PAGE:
That night, Smalley told police that he did not know who the shooter was. He said the gunman was a black man wearing a tan jacket, a dark shirt, and blue jeans. However, at Davieon’s trial in September 2010, nearly a year after the shooting, he said for the first time that the gunman was wearing a hooded sweatshirt with the hood up and the strings pulled creating a smaller opening for the gunman’s face. He said that although it was dark and the park was not well lit, he saw the lower half of the gunman’s face.

Two days after the shooting, Smalley viewed a photographic lineup that included a photograph of Lafayette, but he did not identify him as the gunman.

Smalley testified that police gave him the names of three or four other possible suspects in early 2010. Although he looked them up on the internet, he did not identify any of them as the gunman.

Smalley also testified that he told police that he had figured out that Lafayette was the gunman after seeing Lafayette’s mugshot online, although he could not say how he came across it.

Brian Long, a fingerprint examiner, testified that he matched three prints from the rear passenger door of the vehicle to Lafayette’s right thumb and middle and ring fingers. Long said he did not know when those prints were left on the vehicle or whether Lafayette had been in his cousin’s car in the past.

Jennifer Aper, a forensic scientist at the Illinois State Police forensic science laboratory, testified that she found a mixture of DNA on the backpack and that Lafayette could not be excluded as the contributor. She said that approximately 25 percent of unrelated African Americans, Caucasians, and Hispanics also could not be excluded as being contributors. She also testified that she excluded Lafayette as the source of DNA found on the recovered shotgun.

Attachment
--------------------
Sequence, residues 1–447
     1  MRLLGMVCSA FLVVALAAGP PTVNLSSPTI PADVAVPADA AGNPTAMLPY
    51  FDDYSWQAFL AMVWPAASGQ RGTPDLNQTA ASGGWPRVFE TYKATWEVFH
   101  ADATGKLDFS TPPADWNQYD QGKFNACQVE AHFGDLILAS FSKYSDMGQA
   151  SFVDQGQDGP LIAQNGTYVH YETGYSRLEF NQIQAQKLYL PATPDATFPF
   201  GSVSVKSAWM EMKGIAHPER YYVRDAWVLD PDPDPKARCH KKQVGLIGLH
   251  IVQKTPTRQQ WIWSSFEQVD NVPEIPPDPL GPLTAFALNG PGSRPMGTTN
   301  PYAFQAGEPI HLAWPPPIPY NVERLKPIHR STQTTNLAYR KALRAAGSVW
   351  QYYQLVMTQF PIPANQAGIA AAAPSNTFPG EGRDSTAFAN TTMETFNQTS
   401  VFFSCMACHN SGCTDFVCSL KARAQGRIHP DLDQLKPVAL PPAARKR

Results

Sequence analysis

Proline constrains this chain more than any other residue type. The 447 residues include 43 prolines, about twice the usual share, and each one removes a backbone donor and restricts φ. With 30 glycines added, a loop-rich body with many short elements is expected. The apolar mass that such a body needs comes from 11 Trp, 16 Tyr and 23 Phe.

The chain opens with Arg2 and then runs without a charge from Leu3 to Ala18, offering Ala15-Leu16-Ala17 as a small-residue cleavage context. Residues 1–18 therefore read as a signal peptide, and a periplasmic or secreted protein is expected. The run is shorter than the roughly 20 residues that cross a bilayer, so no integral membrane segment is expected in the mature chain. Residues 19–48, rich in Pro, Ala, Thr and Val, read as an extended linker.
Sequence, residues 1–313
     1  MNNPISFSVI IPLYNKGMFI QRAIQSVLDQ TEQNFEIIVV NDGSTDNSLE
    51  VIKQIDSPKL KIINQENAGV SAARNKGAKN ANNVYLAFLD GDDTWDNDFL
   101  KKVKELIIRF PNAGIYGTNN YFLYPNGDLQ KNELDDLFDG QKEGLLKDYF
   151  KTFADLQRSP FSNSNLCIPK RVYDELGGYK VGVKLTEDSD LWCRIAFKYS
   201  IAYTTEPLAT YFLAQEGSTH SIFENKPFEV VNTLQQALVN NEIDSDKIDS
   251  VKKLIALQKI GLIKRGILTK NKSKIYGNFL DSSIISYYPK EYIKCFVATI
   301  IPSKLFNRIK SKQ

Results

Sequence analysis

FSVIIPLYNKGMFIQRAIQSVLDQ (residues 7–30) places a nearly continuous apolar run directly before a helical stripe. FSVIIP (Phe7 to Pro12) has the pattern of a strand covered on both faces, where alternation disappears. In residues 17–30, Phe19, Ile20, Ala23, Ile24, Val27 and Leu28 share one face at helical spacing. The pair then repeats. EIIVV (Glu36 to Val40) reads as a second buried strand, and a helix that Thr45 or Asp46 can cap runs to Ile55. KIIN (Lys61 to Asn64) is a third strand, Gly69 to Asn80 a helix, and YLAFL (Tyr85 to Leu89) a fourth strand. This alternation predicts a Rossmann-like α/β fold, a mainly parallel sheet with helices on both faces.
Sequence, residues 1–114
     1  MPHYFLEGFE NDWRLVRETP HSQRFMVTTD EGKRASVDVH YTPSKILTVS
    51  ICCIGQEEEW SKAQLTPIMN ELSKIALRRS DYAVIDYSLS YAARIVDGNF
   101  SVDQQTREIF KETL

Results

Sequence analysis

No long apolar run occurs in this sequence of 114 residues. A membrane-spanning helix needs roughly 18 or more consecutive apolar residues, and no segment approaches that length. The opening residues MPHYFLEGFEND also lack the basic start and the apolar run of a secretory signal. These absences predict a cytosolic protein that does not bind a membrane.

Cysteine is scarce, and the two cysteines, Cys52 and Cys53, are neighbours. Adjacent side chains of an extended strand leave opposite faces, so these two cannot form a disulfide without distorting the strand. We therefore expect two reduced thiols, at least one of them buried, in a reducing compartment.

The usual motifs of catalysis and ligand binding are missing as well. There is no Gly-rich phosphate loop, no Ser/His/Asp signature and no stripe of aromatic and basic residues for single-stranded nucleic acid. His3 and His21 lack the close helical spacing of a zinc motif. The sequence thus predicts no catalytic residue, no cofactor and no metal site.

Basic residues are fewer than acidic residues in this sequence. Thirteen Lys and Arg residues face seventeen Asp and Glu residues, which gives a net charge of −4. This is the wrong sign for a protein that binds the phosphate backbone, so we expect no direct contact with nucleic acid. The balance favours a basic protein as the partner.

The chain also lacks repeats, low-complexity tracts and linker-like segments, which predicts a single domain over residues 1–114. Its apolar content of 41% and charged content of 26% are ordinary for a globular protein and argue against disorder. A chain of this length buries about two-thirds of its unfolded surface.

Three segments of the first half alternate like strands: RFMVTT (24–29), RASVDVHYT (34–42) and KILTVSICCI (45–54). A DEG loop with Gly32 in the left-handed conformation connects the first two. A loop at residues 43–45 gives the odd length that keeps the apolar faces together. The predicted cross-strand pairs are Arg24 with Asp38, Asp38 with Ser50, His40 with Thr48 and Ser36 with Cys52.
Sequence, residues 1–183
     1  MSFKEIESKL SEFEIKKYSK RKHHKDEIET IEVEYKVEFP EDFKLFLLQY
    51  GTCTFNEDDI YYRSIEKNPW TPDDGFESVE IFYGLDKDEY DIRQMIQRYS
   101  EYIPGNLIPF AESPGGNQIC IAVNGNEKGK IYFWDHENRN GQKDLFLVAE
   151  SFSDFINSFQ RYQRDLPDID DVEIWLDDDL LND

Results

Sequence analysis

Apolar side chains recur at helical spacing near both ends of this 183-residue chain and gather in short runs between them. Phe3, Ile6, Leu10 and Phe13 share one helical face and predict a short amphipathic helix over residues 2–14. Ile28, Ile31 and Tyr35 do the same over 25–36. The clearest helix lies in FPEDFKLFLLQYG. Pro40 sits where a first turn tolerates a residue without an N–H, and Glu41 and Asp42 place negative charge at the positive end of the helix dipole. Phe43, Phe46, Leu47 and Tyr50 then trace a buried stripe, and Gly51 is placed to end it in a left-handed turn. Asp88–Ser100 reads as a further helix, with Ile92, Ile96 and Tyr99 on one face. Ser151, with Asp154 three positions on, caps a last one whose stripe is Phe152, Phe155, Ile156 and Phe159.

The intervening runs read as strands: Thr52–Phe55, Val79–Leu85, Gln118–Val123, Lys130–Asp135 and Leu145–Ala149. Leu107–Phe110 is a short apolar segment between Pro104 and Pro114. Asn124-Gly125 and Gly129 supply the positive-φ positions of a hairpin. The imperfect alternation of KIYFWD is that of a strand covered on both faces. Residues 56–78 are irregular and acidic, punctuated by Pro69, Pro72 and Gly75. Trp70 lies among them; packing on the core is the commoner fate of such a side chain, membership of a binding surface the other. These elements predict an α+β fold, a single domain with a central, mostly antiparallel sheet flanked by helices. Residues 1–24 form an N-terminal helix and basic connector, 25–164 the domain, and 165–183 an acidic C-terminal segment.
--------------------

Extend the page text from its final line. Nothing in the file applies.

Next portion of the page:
The prosecution presented testimony that around the time of the shooting, cellular telephone records showed numerous calls between Lafayette and Davieon. The prosecution also sought to introduce text messages on Lafayette’s phone. The text messages, which began approximately three hours after the shooting, included a message saying, “I heard you had something to do with a white boy getting killed today[.]”

One minute later, a response was sent from Lafayette’s phone, stating: “What white boy[?]”

Several minutes later, another message was sent from Lafayette’s phone saying “Hello [.]” A message was then sent to Lafayette’s phone: “Out in the hood[.]” A message was then sent from Lafayette’s phone, saying: “What are [you] talking about[?]”

The person on the other phone then texted, “I heard a white boy got killed in the hood and you and some of your guys did it[.] [T]hat's the word on the streets[.]”

Lafayette’s defense attorney objected to text messages, arguing that they contained inadmissible hearsay. Judge Nancy Fahey said, “There's no way I am going to allow those business records with the attached text messages to go back to the jury. The text messages are not going to be included when that goes back to the jury.”

However, the next day, the judge changed her ruling and said she would allow the jury to see the text messages.

On October 2, 2014, the jury convicted Lafayette of first-degree murder. He was sentenced to 65 years in prison.